Growth in the UK service sector slipped to a three-month low in July according to the latest PMI.
The IHS Markit/CIPS UK Services PMI fell to 53.5 last month, down from 55.1 in June. This was the “most disappointing performance” since April but still above the no-change mark of 50.
Incoming new work rose at a softer rate in July than the previous month, and difficulties in filling vacancies persisted.
While some survey respondents, particularly those in the tourism industry, noted the unusually dry summer had a positive impact on sales, others reported both the weather and the football World Cup had disrupted business operations and hurt footfall. A number of respondents also said Brexit uncertainty continued to increase risk aversion in clients and delay decision making.
An ongoing increase of business costs eased from a nine-month high in June but remained strong. The cost inflation was driven mainly by higher wage costs and rising fuel bills, with strong competition in the market for new work preventing firms from passing on the higher costs to clients.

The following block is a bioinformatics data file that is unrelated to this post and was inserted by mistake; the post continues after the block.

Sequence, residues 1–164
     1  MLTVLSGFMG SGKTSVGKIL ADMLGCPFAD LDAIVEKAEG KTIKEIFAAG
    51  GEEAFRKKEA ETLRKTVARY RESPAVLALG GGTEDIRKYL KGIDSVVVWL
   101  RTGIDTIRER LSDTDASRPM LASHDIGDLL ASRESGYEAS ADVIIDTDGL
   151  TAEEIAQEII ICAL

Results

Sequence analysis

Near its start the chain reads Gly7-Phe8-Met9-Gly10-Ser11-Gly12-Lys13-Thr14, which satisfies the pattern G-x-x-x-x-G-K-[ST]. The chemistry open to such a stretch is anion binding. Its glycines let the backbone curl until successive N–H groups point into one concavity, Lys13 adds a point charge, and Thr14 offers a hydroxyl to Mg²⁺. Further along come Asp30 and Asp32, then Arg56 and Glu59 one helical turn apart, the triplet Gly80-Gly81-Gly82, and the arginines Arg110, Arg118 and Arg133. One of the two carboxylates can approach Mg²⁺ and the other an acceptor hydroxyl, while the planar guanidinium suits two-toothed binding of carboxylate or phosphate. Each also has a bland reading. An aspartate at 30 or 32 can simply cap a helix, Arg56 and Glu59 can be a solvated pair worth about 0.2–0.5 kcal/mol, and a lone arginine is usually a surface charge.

Duncan Brock, group director of CIPS, said the sector’s “disappointing performance” showed it still faced underlying dangers.
“Consumer and client confidence remained persistently half-hearted, and pessimism around the performance of the economy along with Brexit concerns lingered,” he said.
“The sector appears to be bumping along a seesaw path with ups and downs, but with the most disappointing performance since April no one can hide the underlying dangers that still remain in the biggest contributor to the UK economy.”
The service sector’s results concluded a mixed bag of PMIs for July in which construction sector growth rose to its highest rate since last May while the manufacturing sector growth dropped to a three month low.
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